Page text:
There is perhaps no more oft used biblical verse–and nearly always used wrongly–than Matthew 7:1.
2 Chronicles 7:14? A contender, but no. Jeremiah 29:11? Nope. They are used wrongly by Christians often, but Matthew 7:1 is misused by believers and non-believers alike. Repeatedly. As in, all the time.
There’s a lot to chew on here.
My birthday is a bittersweet day. I was born out of wedlock to a poor teenager in Eastern Europe. The terrified young woman who gave me life is my hero. She made a courageous choice to be my mother, even if it meant she could only remain in the role for a few days. The only tie she will ever have to me is her blood and her genes.
Another woman, equally heroic, stepped into my life. She willingly became my mother, and made me her permanent daughter.
Both women loved me. Both made choices that will affect my life forever.
This is fascinating.
My family moved to St. Simons Island, GA in 1989. I was 12 years old. One of the first things that I distinctly remember about that beautiful, little secluded Island was the fact that we could walk into a store, write our name on a ledger and walk out with just about whatever we wanted in the store. I remember my dad and mom talking about needing to pay off their account at the hardware store every month. The owners and my parents both wanted to keep “short accounts.” It was a peculiar and fascinating experience for a boy who moved there from a major city in which that would have never happened. The population of the Island was small enough at that time for store owners to feel as if they could offer that service. Needless to say, it didn’t last long. Within a year or two, you could no longer do so. It is somewhat tragic that this practice isn’t part of our culture anymore, because it serves as an illustration of an important aspect of our spiritual life. In the Christian life, we are–as the Puritans used to say–to “keep short accounts with God and men.” So, what do short accounts look like in the Christian life? Here are a few thoughts.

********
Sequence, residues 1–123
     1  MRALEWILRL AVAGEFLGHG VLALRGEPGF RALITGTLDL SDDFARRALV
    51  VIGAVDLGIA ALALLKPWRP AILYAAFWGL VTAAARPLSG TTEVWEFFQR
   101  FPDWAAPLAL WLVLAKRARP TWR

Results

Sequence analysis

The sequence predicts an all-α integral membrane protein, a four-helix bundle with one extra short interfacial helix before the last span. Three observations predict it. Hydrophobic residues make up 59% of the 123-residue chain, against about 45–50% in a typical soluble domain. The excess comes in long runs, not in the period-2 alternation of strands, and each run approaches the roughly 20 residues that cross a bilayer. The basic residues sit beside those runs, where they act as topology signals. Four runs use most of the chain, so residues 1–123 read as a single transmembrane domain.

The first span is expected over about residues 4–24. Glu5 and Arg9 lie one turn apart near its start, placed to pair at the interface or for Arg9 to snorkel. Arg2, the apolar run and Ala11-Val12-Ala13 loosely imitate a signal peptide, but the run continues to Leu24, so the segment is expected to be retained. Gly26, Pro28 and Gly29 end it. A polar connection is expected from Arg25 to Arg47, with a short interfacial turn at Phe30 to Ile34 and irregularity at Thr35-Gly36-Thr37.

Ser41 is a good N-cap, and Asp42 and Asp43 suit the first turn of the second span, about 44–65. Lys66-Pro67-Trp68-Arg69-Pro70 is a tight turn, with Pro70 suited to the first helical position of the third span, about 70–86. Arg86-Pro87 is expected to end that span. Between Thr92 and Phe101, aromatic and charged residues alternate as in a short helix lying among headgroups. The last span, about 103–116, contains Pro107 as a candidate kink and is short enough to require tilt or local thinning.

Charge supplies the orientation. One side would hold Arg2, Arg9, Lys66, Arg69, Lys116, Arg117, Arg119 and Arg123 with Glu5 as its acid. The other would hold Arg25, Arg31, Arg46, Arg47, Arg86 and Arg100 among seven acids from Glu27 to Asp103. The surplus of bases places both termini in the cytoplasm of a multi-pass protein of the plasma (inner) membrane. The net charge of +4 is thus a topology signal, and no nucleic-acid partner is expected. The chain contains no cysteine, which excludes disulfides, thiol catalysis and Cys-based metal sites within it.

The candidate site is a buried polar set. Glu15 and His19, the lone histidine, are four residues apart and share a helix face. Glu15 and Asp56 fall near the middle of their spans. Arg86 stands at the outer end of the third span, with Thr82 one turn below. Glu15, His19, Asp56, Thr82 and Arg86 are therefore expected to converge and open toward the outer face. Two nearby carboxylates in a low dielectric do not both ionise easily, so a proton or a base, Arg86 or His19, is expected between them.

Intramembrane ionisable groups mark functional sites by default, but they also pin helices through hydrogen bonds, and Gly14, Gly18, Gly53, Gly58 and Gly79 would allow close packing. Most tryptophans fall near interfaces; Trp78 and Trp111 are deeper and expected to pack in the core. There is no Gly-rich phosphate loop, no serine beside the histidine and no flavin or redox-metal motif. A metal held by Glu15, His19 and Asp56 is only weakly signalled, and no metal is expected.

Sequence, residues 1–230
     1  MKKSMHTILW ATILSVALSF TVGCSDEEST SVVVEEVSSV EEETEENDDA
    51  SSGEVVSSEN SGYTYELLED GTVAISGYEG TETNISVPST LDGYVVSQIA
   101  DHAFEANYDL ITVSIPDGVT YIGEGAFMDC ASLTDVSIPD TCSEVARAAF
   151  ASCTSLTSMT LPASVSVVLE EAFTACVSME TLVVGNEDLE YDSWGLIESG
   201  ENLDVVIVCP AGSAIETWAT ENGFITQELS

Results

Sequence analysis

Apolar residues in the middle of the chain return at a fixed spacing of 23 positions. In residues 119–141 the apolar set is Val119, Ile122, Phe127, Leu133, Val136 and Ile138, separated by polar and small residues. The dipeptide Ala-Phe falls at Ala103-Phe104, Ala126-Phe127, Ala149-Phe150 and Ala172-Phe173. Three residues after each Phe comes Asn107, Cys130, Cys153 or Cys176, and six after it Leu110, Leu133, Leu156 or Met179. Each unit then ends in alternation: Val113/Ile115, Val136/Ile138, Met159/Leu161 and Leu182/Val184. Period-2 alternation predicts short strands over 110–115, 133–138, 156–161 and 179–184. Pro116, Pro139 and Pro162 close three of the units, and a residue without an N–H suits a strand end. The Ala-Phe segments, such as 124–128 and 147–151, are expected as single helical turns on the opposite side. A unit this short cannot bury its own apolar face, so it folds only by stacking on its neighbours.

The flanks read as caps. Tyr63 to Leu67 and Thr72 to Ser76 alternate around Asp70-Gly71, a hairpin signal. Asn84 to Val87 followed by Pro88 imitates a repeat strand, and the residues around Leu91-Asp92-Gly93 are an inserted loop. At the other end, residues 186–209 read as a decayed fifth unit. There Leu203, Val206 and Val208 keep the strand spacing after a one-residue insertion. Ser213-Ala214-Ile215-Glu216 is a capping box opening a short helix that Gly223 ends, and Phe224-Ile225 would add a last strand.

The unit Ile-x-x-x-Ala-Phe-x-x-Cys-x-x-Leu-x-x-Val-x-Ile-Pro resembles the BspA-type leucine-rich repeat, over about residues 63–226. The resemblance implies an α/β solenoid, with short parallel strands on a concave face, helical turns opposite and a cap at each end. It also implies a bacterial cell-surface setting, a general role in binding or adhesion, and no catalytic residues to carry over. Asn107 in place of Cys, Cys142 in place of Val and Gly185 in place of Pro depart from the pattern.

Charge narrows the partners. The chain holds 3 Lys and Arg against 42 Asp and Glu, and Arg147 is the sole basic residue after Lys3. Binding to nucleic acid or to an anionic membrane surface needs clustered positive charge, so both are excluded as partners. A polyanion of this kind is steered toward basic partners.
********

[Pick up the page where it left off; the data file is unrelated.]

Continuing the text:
As we acknowledge the need to lead humbly, what does godly, humble leadership look like in the day-to-day flow of our workweek? While many examples can be given, I’d like to focus specifically on leading meetings.
So, here are 3 truths we need to embrace to help us lead meetings out of more humble hearts. I truly believe that if we will really embrace these truths, we will find our meetings less tense and more productive, and we will find our teammates more receptive than we would have imagined.
A favorite from the archives:
As you can imagine, this ideal creates a whole host of issues for a number of people who would identify themselves as introverts. The prevailing attitude seems to treat introversion—and along with it sensitivity, shyness, and seriousness—as “a second-class personality trait, somewhere between a disappointment and a pathology.” I’ve personally experienced this attitude on numerous occasions. For many years, I was part of a work culture that placed a very high demand on “face-time,” physical availability and being seen as bright, cheery and nice.These are not bad things in and of themselves. We should certainly be kind (even if we can’t do that super-out-there kind of personality) and willing to meet with people when they need to talk. But how do those of us for whom high degrees of personal interaction do not come naturally survive and even thrive in such cultures?